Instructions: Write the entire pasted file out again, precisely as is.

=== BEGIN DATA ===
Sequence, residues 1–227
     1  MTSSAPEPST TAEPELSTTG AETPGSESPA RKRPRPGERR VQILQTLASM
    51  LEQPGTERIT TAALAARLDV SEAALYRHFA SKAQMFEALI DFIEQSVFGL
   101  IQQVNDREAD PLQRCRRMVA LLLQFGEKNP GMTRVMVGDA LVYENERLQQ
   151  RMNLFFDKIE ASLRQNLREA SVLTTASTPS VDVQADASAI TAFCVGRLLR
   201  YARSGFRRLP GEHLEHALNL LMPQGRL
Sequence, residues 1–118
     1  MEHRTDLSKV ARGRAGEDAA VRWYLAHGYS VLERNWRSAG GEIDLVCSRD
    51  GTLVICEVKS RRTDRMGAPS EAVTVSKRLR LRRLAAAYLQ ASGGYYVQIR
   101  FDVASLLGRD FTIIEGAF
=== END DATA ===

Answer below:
Sequence, residues 1–227
     1  MTSSAPEPST TAEPELSTTG AETPGSESPA RKRPRPGERR VQILQTLASM
    51  LEQPGTERIT TAALAARLDV SEAALYRHFA SKAQMFEALI DFIEQSVFGL
   101  IQQVNDREAD PLQRCRRMVA LLLQFGEKNP GMTRVMVGDA LVYENERLQQ
   151  RMNLFFDKIE ASLRQNLREA SVLTTASTPS VDVQADASAI TAFCVGRLLR
   201  YARSGFRRLP GEHLEHALNL LMPQGRL
Sequence, residues 1–118
     1  MEHRTDLSKV ARGRAGEDAA VRWYLAHGYS VLERNWRSAG GEIDLVCSRD
    51  GTLVICEVKS RRTDRMGAPS EAVTVSKRLR LRRLAAAYLQ ASGGYYVQIR
   101  FDVASLLGRD FTIIEGAF